In TC Heartland Decision, U.S. Supreme Court Changes the Landscape — and Possibly the Venue — of Patent Litigation

In a highly anticipated opinion, on May 22, 2017, the U.S. Supreme Court handed down its ruling on the TC Heartland LLC v. Kraft Foods Group Brands LLC patent infringement case. The Court was asked to consider, by TC Heartland, how to interpret the judicial district where a defendant “resides” for purposes of applying the patent venue statute. The Court held that a domestic corporation “resides” only in its state of incorporation for purposes of the patent venue statute. This outcome will have a profound effect on filing patent infringement suits.


Since 1990, the U.S. Court of Appeals for the Federal Circuit has followed a rule whereby venue is proper in a patent infringement suit in any judicial district where the defendant is subject to the personal jurisdiction of the court in the district — effectively, anywhere a defendant made sales. Over the past 27 years, this has led to patent owners filing suits in districts considered “patent-owner-friendly,” such as the U.S. District Court for the Eastern District of Texas. With its faster docket, streamlined discovery proceedings and a favorable record of wins for patent owners, the Eastern District became a favorite of “forum-shopping” patent owners. In fact, in 2016, 36.4% of U.S. domestic patent infringement cases were filed in the Eastern District, approximately equal to the combined filings of all but four other districts. The U.S. District Court for the District of Delaware was a distant second at 10.1% of filings. 

In 2014, Kraft Foods filed a patent infringement suit in the District Court of Delaware against TC Heartland, a competitor that is organized under Indiana law and headquartered in Indiana but ships the allegedly infringing products into Delaware. TC Heartland moved to transfer venue to one of the U.S. district courts in Indiana, claiming that venue was improper in Delaware. TC Heartland argued that it did not “resid[e]” in Delaware and had no “regular and established place of business” in Delaware under the patent venue statute 28 U.S.C. §1400(b). The District Court of Delaware and the Federal Circuit both rejected this argument. TC Heartland appealed to the Supreme Court.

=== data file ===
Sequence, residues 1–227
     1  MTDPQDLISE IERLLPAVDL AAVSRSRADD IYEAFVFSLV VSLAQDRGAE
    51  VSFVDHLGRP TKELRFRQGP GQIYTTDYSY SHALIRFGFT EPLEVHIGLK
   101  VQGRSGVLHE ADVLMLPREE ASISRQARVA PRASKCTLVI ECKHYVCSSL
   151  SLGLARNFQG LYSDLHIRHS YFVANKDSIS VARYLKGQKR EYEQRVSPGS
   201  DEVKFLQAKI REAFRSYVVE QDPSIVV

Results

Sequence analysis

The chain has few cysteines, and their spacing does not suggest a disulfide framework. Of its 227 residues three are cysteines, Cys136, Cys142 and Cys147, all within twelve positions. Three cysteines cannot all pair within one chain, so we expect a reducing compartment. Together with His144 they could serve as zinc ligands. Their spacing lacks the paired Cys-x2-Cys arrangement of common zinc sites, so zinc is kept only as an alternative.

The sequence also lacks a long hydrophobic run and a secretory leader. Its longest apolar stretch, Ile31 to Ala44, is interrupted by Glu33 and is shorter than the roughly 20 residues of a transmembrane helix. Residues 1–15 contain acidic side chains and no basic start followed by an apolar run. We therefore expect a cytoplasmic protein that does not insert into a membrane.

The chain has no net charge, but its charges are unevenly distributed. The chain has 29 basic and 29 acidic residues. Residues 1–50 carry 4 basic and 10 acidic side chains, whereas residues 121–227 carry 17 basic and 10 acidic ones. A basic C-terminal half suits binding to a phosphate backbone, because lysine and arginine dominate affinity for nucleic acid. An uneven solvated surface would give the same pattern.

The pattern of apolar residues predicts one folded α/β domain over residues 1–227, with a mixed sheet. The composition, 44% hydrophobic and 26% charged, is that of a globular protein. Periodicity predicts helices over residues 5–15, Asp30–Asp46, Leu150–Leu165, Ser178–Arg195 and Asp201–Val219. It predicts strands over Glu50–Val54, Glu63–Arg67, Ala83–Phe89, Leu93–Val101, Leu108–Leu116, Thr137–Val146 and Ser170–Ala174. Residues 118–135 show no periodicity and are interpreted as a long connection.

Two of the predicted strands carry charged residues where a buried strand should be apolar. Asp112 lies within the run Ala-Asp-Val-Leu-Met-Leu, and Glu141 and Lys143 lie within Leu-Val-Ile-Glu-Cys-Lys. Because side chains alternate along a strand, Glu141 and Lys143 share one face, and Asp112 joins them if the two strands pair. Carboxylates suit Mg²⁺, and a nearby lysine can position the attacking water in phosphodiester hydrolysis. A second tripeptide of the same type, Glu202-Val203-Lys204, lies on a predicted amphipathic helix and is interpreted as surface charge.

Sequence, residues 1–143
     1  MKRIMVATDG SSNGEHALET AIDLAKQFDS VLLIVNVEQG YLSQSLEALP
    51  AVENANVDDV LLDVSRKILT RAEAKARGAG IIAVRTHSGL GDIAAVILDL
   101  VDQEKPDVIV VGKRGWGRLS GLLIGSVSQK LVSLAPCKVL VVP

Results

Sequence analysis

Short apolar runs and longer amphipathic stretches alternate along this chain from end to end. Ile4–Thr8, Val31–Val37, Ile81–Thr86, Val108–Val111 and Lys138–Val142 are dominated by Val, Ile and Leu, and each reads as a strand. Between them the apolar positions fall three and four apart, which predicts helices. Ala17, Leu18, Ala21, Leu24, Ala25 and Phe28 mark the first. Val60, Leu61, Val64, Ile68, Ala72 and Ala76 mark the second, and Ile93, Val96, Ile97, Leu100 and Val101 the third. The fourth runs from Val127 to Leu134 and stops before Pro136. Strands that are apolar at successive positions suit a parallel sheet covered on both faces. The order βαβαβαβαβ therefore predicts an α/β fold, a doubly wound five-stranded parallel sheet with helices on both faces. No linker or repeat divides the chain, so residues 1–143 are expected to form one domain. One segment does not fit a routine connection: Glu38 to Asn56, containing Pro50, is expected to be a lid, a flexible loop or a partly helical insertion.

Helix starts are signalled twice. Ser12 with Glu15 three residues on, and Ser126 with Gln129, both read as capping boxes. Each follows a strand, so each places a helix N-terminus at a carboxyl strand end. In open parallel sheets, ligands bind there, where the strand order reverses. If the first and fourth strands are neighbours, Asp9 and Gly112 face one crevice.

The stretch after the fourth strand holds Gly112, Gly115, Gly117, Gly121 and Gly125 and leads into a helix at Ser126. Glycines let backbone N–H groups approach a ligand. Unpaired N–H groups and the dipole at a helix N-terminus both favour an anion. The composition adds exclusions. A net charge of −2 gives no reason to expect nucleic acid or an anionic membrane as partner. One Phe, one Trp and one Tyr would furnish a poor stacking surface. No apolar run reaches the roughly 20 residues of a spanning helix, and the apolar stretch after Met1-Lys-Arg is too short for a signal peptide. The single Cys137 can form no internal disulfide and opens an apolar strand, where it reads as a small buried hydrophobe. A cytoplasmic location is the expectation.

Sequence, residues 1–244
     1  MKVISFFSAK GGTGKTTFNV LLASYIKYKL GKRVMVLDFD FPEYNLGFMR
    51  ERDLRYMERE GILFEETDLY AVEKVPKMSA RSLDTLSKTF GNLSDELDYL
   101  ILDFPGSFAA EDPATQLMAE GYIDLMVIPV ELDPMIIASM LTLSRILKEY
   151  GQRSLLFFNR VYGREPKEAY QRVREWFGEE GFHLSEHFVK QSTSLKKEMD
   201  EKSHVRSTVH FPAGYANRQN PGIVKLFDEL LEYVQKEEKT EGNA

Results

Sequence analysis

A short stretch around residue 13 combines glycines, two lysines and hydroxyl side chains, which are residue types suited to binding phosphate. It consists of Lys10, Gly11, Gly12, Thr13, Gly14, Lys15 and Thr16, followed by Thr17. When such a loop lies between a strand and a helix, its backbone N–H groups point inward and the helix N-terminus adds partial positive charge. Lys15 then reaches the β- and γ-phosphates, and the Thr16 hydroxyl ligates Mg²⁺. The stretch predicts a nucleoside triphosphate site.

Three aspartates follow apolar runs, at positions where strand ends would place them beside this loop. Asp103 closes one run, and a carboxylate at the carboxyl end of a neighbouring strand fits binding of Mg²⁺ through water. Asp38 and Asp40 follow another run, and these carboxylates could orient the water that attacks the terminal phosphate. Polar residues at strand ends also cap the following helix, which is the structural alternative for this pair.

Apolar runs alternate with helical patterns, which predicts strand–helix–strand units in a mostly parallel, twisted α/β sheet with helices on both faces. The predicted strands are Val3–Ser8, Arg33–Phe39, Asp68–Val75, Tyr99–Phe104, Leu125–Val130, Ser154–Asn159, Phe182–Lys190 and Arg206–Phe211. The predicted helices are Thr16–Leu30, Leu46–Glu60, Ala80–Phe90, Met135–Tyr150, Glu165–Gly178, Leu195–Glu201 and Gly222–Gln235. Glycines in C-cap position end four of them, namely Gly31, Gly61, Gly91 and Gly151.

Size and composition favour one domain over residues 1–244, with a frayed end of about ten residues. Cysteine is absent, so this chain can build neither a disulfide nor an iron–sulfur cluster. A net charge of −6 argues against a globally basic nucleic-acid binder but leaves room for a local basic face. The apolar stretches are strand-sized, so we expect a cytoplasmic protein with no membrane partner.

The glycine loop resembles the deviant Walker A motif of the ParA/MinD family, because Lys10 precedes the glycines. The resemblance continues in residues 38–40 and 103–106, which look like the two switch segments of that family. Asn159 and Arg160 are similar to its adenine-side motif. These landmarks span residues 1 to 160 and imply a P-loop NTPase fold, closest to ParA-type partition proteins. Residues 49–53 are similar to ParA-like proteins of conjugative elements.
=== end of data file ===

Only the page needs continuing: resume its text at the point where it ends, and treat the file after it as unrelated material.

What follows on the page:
The patent venue statute, 28 U. S. C. §1400(b), provides that “[a]ny civil action for patent infringement may be brought in the judicial district where the defendant resides, or where the defendant has committed acts of infringement and has a regular and established place of business.” An accompanying general venue statute, 28 U.S.C. §1391, provides that “[e]xcept as otherwise provided by law” and “[f]or all venue purposes,” a domestic corporation “shall be deemed to reside, if a defendant, in any judicial district in which such defendant is subject to the court’s personal jurisdiction with respect to the civil action in question.” The Federal Circuit has relied on the incorporation of §1391 into §1400, and consistently held that venue was proper where a defendant was subject to the personal jurisdiction of the district court.

The Supreme Court reversed and held that for domestic corporations, “reside[nce]” in §1400(b) refers only to the “State of incorporation.” The Court decided that §1391, which the lower courts had relied upon, did not modify the meaning of §1400(b) as interpreted by an earlier Supreme Court case from 1957, which was still good law.

Going Forward: Venue as State of Incorporation

With the Supreme Court’s opinion in TC Heartland, patent owners will likely no longer be able to file serial lawsuits against multiple defendants in the Eastern District of Texas and hope for a quick settlement. Patent owners will have to seek out the district of incorporation for defendants. Patent-favorable “forum shopping” will become more difficult. 

This may affect companies incorporated in Delaware (some 66% of all publicly traded companies are registered there) and technology companies in Silicon Valley or elsewhere with no place of business in districts such as the Eastern District of Texas. There will likely be an upsurge in patent infringement cases filed in Delaware.